5. No phones, laptops or food
You’ve got a great looking stand, staffed by a brilliant team in coordinated outfits. If they’re all sat around scrolling through Facebook on their smartphones, I’m unlikely to be compelled to talk to them! This may feel painful, but I highly recommend banning phones and laptops for everybody working on the stand. Laptops for product demos are fine, but not for surfing the web or checking emails.
The same goes for food. Allocate clear breaks for everybody working so they can go and eat food elsewhere.
6. Social Proof: the big secret to a successful exhibition
Have you ever been to an event, seen a group of people crowding around something, and felt compelled to find out what was going on? You just experienced the power of Social Proof.
In his book “Influence: Science and Practice”, Robert Cialdini cites an experiment where people stand in the street and look up to the sky, at nothing in particular. Within a short period of time, several other people stopped and did the same. They had no idea why, they were just following the example of others.
You can use the principle of Social Proof at exhibitions and trade shows by having good reasons to have people visit. This is exactly what I do when I work as an Exhibition Magician – the initial crowd I build generates interest in other passers-by and encourages them to stop too. Before long, everybody wants to come and see what’s going on. There are many other ways to utilise Social Proof. Games, competitions, interactive displays are good examples of this. Think about what you could do with your product or brand to make your stand more interactive.
7. Extend your message past the stand
Why just rely on people finding you on the trade show floor? There are many ways you can extend your marketing message beyond your exhibition stand. Branded merchandise is one. Bags can be useful for people to carry any collateral they collect, making them a walking marketing message for you.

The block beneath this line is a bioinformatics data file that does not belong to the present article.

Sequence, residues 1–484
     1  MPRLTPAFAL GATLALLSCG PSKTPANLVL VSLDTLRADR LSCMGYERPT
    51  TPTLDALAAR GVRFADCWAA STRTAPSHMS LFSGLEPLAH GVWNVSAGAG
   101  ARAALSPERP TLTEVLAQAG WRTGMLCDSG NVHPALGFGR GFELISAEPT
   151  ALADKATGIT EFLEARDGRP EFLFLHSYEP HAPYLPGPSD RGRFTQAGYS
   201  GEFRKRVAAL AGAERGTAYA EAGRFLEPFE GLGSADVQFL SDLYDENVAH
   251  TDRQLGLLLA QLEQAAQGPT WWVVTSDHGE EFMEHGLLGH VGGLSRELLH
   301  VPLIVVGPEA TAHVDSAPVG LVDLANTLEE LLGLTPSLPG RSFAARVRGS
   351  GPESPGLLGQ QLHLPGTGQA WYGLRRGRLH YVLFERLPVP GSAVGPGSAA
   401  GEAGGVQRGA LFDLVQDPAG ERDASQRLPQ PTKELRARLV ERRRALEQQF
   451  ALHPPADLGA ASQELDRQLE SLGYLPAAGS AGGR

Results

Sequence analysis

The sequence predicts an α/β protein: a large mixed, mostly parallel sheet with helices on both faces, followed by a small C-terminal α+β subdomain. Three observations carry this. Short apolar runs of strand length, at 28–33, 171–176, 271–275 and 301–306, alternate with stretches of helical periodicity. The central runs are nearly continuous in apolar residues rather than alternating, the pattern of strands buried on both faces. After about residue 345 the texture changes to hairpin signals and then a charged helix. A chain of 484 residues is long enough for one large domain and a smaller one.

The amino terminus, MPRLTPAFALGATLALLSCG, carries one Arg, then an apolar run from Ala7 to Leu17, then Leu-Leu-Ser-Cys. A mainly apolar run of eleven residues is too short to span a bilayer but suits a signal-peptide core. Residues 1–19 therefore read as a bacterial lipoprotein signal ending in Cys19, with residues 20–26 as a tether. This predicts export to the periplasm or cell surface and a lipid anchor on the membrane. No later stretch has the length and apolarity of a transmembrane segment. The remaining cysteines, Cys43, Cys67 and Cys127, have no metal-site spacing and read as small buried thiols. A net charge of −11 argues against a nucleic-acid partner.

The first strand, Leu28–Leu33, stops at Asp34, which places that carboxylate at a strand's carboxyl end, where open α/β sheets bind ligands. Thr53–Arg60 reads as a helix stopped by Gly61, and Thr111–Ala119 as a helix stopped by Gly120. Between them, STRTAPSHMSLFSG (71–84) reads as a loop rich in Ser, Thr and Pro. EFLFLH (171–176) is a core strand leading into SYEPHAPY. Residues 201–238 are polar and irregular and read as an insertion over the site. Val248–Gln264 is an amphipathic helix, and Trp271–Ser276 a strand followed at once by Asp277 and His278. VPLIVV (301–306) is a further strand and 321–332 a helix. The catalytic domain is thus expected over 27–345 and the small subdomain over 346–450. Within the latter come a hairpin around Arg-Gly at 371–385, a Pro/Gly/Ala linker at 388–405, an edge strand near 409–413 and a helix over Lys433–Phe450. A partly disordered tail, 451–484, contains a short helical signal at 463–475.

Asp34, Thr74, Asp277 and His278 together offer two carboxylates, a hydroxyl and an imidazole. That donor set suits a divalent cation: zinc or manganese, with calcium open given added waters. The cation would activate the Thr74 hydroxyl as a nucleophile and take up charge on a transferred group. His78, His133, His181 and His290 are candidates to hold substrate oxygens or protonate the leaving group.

Consider how you can leverage social media too. Many events have an active Twitter hashtag which you can be part of. Don’t just push messages telling people to visit you though. Is there a way you can encourage other people to tweet about you? When I work as a magician at trade shows, I often incorporate magic tricks which encourage visitors to tweet about my client’s exhibition stand.
Finally, if you can get a speaking slot, this can be a great way to boost your message and encourage people to visit you after your talk. If you are speaking at an exhibition, you might find my guide on how to deliver better presentations useful.
8. How will you gather leads?
For many exhibitors, a primary objective is to gather leads which will hopefully turn into future customers. Plan in advance how you’re going to do this and make sure everybody is fully briefed on how it will work. If you’re using a technology solution, test it and don’t leave anything to chance on the day. Have a back up in case of any hiccups, even if it’s a simple solution like pen and paper.
9. Follow up
You have put a plan in place to follow-up on your newly gathered leads, right? Again, don’t leave anything to chance here. Have a clear and consistent follow-up planned which is designed with your initial objectives in mind, and make sure your sales team are clear on this.
Track the results and record them. This will help to decide if you’ve achieved what you set out to, and if you haven’t, understand what you need to change next time!
That should give you enough to think about when you’re planning your next exhibition or trade show. If you want to find out how I can help you to have a successful exhibition, get in touch for a chat about how we could work together.